Best Practices for Encoding and Delivering Dolby Audio to Apple Devices
This video tutorial series is sponsored by Dolby.
Dolby Audio is a family of premium sound format(s) that provides enhanced clarity, easy-to-hear dialogue, consistent volume, and also surround sound when played on a 5.1 or 7.1 channel system. Since the release of iOS 10, tvOS 10, and MacOS Sierra, you can now deliver Dolby Audio via HLS and play it back on any audio endpoint, including device speakers, headphones, or external sound systems via AirPlay or HDMI.
Over the course of this three-part tutorial series, we’ll show you how to do just that. In the first tutorial, we’ll provide an overview of the workflow and show examples of the tools you’ll need to get the job done. In the second tutorial, you’ll learn how to measure audio loudness and how to encode files in Dolby Digital Plus, Dolby Digital, and AAC formats to support all devices and audio end points. In the third tutorial, you’ll learn how to segment your streams and create media playlist files with Apple’s Media File Segmenter, and how to create the master playlist file that tells the playback client what audio formats and variants are available, including how to support multiple languages.
Finally, you will learn how to validate your streams with Apple’s Media Stream Validator tool.
There’s a lot of detail in all presentations and they move pretty fast. But you can read up on these materials in this post on the Dolby Developer blog, which also provides full access to the various master playlists you’ll learn to create, as well as the actual HLS video clips they enable, and the presentations you'll see in these videos.
For more information HLS encoding in general, check out Apple's HLS Authoring Specification on the Apple Developer site.
Let's start with a brief discussion of audio formats.
AAC is a widely deployed audio codec in online video, often used as a baseline stereo audio codec. It is supported in HLS for compatibility with systems that don’t support native Dolby playback.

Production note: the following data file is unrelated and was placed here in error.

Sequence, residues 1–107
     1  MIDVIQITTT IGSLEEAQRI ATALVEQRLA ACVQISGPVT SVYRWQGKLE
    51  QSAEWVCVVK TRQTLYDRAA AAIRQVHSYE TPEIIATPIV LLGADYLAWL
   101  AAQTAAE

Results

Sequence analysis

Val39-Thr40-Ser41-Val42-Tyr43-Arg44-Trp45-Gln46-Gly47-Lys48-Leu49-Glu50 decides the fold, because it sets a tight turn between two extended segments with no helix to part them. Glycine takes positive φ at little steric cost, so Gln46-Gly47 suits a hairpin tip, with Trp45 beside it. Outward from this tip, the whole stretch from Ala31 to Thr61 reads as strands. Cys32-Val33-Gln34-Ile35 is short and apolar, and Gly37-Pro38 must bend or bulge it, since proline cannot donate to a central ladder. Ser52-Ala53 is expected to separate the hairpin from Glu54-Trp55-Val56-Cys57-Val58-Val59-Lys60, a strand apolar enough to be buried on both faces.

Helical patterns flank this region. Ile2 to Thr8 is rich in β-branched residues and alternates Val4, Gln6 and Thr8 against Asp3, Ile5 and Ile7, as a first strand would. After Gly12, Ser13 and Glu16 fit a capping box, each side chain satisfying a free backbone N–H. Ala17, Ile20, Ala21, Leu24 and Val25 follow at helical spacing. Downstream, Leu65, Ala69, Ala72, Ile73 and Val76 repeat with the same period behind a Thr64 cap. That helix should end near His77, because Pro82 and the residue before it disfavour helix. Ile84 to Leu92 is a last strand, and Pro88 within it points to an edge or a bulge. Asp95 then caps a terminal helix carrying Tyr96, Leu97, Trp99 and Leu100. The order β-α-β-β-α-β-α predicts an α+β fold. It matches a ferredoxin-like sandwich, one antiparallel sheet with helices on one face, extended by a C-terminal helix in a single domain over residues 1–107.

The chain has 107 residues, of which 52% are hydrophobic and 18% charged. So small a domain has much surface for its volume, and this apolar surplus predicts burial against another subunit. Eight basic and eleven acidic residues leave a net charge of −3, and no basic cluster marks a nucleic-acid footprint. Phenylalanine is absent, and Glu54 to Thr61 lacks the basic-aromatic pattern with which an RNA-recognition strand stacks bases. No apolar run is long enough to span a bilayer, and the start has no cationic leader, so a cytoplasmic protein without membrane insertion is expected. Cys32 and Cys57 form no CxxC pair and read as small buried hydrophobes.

Dolby Digital, also known as AC-3, is an advanced, metadata-rich audio format that can deliver up to six channels of audio at data rates between 384 and 640 Kbps.
Dolby Digital Plus, evolved from Dolby Digital, is a more capable audio format that brings higher audio quality, lower data rates, more powerful metadata-driven features and support for 7.1 audio channels. Also called EC3 or E-AC-3, Dolby Digital Plus produces clear and powerful sound for a remarkably versatile set of outputs, from stereo headphones and speakers to 7.1 surround sound systems.
Both Dolby Digital Plus and Dolby Digital are supported natively across iOS, macOS, and tvOS, as well as Microsoft’s Windows 10 platform. Because of its advanced features, it’s a good idea to make Dolby Digital Plus the preferred audio format on platforms and devices that support it.
If you start from a surround sound audio source, you’ll typically create two encodes in Dolby Digital Plus format; a stereo encode for optimized delivery to stereo devices like iPhones and iPads, and a multichannel encode for systems that support it, like Apple TV. You’ll also want to produce an AAC stereo stream for systems without Dolby support. and optionally, a legacy Dolby Digital 5.1 stream to maintain compatibility with older systems that don’t support Dolby Digital Plus.